Volume 12, Number 5
11 October 2005

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This Week

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Useful Info About the EU

Although it's hard to concentrate on anything else when your father almost died only a week ago, I'm not going to talk about my father's sickness any more, since I hate it when columnists tell us about a personal event over and over. I don't want to be another İclal Aydın repeating "my pregnancy is going well and the doc said this and that and blah blah blah...." (Yes, I can get rude when I'm irritated.)

The day I'm writing this is the first day of the accession talks between Turkey and the European Union. I guess you could probably use some background information about the EU if you don't want to have an expression on your face when people talk about recent political events like the one Nicolas Cage has all the time. So, I've decided to write briefly about the history of the Union this week, which means that this column will be more serious than usual.

Six European countries (France, Belgium, the Federal Republic of Germany, Italy, Luxembourg and the Netherlands) got together and decided to pool their coal and steel resources under a supranational authority, the European Coal and Steel Community, in 1952. The 1958 Rome Treaties extended the agreement to cover all sectors of the members' economies. This changed the ECSC into the European Economic Community, which would eventually become the European Union.

The Merger Treaty, signed in 1965, went into force in 1967 and provided "for a Single Commission and a Single Council" for Europe. The United Kingdom, Ireland and Denmark joined the European Community in 1973. Greece (1981), Spain (1986) and Portugal (1986) were then admitted, increasing the number of members to 12. (Forget about the misunderstood connection between the 12 stars on the EU flag and the number of members. The emblem of the European Community had the same number of stars long before the Community had 12 members.)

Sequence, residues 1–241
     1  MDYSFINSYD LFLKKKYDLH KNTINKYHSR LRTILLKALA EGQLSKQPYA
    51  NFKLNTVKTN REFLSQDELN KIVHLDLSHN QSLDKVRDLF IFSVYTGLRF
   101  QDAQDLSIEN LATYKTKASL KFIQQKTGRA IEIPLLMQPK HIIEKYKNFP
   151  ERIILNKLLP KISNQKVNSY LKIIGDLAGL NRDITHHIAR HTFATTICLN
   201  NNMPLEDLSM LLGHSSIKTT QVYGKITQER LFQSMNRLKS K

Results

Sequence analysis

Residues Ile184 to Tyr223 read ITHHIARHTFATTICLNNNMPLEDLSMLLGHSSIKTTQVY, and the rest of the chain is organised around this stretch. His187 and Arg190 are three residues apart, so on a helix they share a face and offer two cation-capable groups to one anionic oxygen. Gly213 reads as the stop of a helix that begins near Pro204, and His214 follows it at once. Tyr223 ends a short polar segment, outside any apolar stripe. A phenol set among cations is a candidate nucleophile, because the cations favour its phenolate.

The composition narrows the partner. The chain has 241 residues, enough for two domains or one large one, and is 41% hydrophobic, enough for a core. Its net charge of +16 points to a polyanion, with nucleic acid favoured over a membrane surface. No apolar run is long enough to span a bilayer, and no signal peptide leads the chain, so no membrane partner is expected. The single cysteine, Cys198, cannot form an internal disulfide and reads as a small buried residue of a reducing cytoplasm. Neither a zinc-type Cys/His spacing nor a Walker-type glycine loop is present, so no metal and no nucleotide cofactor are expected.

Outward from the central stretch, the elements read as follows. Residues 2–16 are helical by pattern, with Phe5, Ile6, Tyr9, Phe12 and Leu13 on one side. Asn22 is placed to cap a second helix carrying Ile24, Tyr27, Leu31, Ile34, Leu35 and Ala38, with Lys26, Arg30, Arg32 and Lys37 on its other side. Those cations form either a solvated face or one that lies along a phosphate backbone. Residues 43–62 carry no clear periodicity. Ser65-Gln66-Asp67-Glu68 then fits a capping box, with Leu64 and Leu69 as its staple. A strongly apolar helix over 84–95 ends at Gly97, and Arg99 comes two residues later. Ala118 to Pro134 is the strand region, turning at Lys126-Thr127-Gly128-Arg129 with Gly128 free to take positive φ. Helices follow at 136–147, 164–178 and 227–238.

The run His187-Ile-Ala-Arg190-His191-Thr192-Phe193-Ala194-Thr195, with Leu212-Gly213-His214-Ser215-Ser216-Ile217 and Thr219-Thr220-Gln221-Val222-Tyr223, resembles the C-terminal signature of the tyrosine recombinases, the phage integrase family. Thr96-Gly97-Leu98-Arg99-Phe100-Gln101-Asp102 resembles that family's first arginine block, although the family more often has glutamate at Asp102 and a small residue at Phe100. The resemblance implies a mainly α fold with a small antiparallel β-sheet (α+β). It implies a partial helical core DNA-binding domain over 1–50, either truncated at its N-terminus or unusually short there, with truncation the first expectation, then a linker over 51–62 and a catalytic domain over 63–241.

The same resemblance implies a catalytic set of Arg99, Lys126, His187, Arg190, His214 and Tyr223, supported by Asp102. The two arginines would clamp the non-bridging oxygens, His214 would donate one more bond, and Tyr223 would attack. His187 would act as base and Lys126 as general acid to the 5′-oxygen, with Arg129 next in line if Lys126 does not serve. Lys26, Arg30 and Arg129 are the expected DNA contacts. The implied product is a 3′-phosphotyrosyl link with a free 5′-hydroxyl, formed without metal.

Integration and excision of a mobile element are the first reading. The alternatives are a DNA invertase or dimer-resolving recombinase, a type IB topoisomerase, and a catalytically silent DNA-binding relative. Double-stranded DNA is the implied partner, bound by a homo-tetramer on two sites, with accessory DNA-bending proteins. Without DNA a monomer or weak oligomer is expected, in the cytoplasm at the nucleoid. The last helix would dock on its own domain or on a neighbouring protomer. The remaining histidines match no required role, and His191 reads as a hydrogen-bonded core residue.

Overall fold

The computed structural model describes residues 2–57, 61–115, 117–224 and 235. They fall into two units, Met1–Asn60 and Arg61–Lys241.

The Madrid European Council of 1989 produced a plan for economic integration between member countries called the Economic and Monetary Union (EMU). As the Berlin Wall fell, the borders of the European Community changed from the middle of Germany to east of Poland.

In 1992, the Treaty on European Union (the Maastricht Treaty) was signed. It was rejected in the first referendum in Denmark, but the year after was ratified by all of the member countries and entered into force. In 1994, the members of the EU and the European Free Trade Association got together and created a single market made up of 19 countries. In 1995, Austria, Finland and Sweden joined the Union. The same year, Norway did not ratify its accession treaty, which caused it to lose the chance of becoming a member for the time being. Citizens of most of the EU member countries met their future monetary unit, the euro, in 1999. The euro was fully launched in 2002. The European Convention, which aimed to shape the future of Europe, began the same year.

Ten more countries joined the Union in 2004. On December 17, 2004, the EU decided that accession negotiations with Turkey would start on October 3, 2005, if certain criteria were fulfilled as of that day. And yesterday, the European Union declared that Turkey had fulfilled the criteria, and the negotiations started.

I hope this brief information was helpful for those who are curious about the EU's past. You can reach more information via http://europa.eu.int.   Take care…

İsmail O. Postalcıoğlu (POLS/III)

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